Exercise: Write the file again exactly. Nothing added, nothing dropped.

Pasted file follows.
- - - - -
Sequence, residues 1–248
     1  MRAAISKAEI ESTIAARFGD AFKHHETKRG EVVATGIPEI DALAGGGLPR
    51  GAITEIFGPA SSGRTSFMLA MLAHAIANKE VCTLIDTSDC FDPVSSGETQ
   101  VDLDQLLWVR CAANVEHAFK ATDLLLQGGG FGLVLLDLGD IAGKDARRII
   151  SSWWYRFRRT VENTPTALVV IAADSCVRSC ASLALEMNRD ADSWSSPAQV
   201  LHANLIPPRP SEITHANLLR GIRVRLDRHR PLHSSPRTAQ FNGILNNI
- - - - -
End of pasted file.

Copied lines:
Sequence, residues 1–248
     1  MRAAISKAEI ESTIAARFGD AFKHHETKRG EVVATGIPEI DALAGGGLPR
    51  GAITEIFGPA SSGRTSFMLA MLAHAIANKE VCTLIDTSDC FDPVSSGETQ
   101  VDLDQLLWVR CAANVEHAFK ATDLLLQGGG FGLVLLDLGD IAGKDARRII
   151  SSWWYRFRRT VENTPTALVV IAADSCVRSC ASLALEMNRD ADSWSSPAQV
   201  LHANLIPPRP SEITHANLLR GIRVRLDRHR PLHSSPRTAQ FNGILNNI